• Burau wants this job to be her calling. 35       Discuss what it means to have a calling. 
About the Job: 
  • Do you consider dispatchers to be first responders?
  • What are some of the qualities that would make someone a good dispatcher?
  • By taking the call, she becomes involved. Discuss the emotional toll of being involved.
  • Discuss almost never getting to know the end of the story. P. 114
  • Discuss NO debriefing opportunities for the dispatchers.
  • Discuss the complexity of the job: multiple screens, giving first aid, gathering information, dispatching, etc
  • How does new technology change the job? (This book was written in 2006.) Also, consider there are fewer land lines and more cell phones now. How does this complicate the job?
  • What do you think of regional dispatch centers compared to local?
  • Discuss her relationships with the other dispatchers.
  • Discuss Kristen. The other dispatchers fear her. The cops, who depend on her, respect her. Kristen has been there 30+ years. “I wonder if it was a conscious decision on her part, or just a slow, steady slipping away of the years. 107            Do you think the author misjudged Kristen? Have you ever misjudged anyone?
  • Discuss the personal sacrifices of working this type of job. For example, the challenges of raising a child while on shift duty.
  • Do SASGs or Wannabes help or hurt the police?
  • Talk about EMD (emergency medical dispatch).
  • Burau notes that on the job: “Not only is there no way to make everyone happy, it’s nearly impossible to make anyone happy.” 150     Is this true in other situations as well?
Other Questions: 
  • She asks, “Why are we so hesitant to act on anyone’s behalf but our own?” 149 And if you knew something was happening in your neighborhood, would you call home? 85
  • Discuss why domestics are the most dangerous calls they take. 142
  • She notes: Sometimes “victims of mid- to low-level crimes are more irritable than victims of high-level or violent crime. They have had more time to think about how badly they’ve been wronged.  They don’t get enough validation from anyone around them about how badly they’ve been wronged.” 192                            Do you agree?
  • One day someone makes light of death. It bothers the author. 124 Would it bother you?
  • She is dismayed that “…sometimes I find myself taking a certain tone with people that I know I would hate if I were on the other end of it.” 153        Has this happened to you? On either end? How did you deal with it?
  • Discuss the writing style.
  • Discuss the strengths and weaknesses of the book.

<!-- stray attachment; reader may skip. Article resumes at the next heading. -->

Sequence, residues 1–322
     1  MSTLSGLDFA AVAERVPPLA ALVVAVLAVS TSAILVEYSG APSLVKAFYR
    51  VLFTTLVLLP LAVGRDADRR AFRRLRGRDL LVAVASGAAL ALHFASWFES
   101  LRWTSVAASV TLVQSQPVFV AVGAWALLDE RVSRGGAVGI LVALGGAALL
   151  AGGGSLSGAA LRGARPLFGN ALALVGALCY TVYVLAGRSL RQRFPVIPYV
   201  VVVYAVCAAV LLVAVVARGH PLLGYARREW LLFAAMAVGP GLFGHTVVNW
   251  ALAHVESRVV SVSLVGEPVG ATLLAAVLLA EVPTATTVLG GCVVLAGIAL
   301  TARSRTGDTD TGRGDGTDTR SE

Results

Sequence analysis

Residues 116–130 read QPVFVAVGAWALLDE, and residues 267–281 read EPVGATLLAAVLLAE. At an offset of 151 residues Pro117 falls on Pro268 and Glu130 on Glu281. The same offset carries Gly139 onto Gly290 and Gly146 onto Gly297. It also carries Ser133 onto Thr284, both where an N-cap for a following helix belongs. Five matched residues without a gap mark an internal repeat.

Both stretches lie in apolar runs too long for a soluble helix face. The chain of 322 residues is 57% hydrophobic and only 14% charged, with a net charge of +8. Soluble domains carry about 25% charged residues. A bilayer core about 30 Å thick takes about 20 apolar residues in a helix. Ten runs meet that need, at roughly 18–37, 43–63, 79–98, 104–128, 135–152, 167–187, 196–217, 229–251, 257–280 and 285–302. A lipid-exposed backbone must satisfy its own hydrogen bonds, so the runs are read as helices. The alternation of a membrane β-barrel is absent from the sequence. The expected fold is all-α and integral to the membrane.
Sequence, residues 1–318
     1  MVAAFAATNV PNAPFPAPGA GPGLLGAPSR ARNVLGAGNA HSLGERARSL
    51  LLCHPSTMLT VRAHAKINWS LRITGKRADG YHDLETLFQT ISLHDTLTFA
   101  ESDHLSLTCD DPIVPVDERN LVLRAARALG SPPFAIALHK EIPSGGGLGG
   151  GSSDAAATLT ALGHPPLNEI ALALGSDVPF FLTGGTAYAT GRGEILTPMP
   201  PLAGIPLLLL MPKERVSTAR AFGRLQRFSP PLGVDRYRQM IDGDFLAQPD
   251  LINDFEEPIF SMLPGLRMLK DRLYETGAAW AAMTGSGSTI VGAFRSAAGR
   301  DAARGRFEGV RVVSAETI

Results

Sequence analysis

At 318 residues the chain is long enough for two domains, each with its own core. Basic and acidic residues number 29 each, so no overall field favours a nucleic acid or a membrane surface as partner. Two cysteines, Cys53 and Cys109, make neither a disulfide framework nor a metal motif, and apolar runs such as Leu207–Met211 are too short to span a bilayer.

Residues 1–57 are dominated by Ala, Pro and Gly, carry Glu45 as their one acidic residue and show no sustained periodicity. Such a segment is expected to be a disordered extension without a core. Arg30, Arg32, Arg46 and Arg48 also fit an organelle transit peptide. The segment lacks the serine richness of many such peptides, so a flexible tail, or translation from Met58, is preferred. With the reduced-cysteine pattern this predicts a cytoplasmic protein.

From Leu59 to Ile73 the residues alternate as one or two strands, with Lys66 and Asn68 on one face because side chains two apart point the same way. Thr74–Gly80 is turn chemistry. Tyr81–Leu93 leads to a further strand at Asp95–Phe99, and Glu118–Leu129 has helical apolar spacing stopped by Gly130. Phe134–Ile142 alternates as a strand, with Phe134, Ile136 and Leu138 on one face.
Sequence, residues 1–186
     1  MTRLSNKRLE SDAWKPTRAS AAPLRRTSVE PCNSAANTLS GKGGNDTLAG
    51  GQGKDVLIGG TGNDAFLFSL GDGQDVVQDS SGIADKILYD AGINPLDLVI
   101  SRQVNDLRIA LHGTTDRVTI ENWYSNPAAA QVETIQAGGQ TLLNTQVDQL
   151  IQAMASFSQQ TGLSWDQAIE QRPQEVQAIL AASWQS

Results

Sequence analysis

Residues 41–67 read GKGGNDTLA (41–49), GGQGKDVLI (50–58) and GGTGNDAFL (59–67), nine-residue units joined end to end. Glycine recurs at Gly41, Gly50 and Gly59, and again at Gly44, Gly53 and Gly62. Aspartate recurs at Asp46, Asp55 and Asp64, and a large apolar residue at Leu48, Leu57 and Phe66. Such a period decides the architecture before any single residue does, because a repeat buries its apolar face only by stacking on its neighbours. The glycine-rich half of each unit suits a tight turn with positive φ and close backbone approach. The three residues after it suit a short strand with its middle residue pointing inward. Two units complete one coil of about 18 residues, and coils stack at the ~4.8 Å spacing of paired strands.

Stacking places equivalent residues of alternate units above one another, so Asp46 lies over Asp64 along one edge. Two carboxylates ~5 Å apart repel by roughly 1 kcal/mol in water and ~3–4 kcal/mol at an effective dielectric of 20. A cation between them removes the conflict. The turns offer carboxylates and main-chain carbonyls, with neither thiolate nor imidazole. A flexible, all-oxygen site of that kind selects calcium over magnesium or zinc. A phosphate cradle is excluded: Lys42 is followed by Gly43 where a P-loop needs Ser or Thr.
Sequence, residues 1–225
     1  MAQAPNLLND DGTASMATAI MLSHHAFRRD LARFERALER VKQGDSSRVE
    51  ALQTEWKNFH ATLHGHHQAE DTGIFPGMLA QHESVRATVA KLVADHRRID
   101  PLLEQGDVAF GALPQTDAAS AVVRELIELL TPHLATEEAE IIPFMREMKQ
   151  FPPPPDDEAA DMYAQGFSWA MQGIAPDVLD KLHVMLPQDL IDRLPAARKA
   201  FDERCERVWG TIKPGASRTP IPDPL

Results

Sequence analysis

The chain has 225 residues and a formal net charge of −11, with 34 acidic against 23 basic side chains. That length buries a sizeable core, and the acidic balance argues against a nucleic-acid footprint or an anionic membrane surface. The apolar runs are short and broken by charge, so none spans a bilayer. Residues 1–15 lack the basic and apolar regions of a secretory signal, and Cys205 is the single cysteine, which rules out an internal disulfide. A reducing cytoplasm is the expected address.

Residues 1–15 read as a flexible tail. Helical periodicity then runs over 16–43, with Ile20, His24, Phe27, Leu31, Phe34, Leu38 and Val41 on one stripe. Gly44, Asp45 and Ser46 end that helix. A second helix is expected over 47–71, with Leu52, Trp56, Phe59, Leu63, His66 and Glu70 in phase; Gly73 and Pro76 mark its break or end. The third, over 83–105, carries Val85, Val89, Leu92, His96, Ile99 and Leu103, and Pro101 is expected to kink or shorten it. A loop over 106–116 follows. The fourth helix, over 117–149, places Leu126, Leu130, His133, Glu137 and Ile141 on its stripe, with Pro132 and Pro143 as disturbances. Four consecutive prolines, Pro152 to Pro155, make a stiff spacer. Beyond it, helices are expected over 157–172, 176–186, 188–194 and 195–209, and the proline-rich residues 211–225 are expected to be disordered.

• Rate the book from 1 – 5 and share why you did or didn’t enjoy it. 

Details: Answering 911: Life in the Hot Seat by Caroline Burau. Paperback published by Borealis Books in 2006. 206 p. ISBN: 978-0-87351-602-0 

Wednesday, April 26, 2017

Book Review: 'Hero of the Empire' by Candice Millard

✰✰✰✰½ Leader. Power. Strength. And Optimism. These are all words associated with one of the world’s greatest leaders of all time, Winston Churchill. However, there was a time when words to describe him might have included: Arrogant. Conceited. Entitled. And spoiled rich kid.

When Churchill was just 24, he was completely convinced that he was destined to become the Prime Minister of England. But, no one else thought so. Although Churchill lost his first election by a landslide, he was not one to give up. He knew that in order to achieve his lofty goal, he must excel on the battlefield.

As a war correspondent, Churchill arrived in South Africa in 1899 to cover the Boer War. Only 2 weeks later, he was captured and held as a prisoner of warWhile others simply accepted their fate, Churchill dreamed of freedom, and he pulled off a daring escape. All ALONE with just 4 slabs of chocolate, his wits, and lots of luck, Churchill crossed hundreds of miles of enemy territory to freedom.

Along the way Winston Churchill evolved from privileged, conceited youth to respected world leader. How was this possible? In the words of Winston Churchill, “Attitude is a little thing that makes a BIG difference.”

The Bottom Line: From the author of The River of Doubt and Destiny of the Republic comes the true story of Winston Churchill’s road to fame and heroism. Once again, Candice Millard has woven together an epic adventure filled with danger, courage, lucky breaks, and never-ending optimism. Highly recommended for history buffs and readers who enjoy biographies.